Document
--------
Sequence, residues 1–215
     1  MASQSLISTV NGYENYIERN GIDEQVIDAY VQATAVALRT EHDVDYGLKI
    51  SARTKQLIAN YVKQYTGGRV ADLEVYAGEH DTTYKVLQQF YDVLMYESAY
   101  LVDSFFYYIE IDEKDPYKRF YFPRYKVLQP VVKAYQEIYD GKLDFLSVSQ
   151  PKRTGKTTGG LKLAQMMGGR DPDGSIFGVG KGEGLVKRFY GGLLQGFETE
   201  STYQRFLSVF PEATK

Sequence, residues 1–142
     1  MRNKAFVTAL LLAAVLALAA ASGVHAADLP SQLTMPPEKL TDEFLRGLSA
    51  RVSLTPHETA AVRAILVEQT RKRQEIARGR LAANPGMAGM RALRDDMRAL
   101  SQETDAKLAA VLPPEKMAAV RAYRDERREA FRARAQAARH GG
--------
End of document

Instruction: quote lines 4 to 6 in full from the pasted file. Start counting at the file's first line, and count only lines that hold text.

   101  LVDSFFYYIE IDEKDPYKRF YFPRYKVLQP VVKAYQEIYD GKLDFLSVSQ
   151  PKRTGKTTGG LKLAQMMGGR DPDGSIFGVG KGEGLVKRFY GGLLQGFETE
   201  STYQRFLSVF PEATK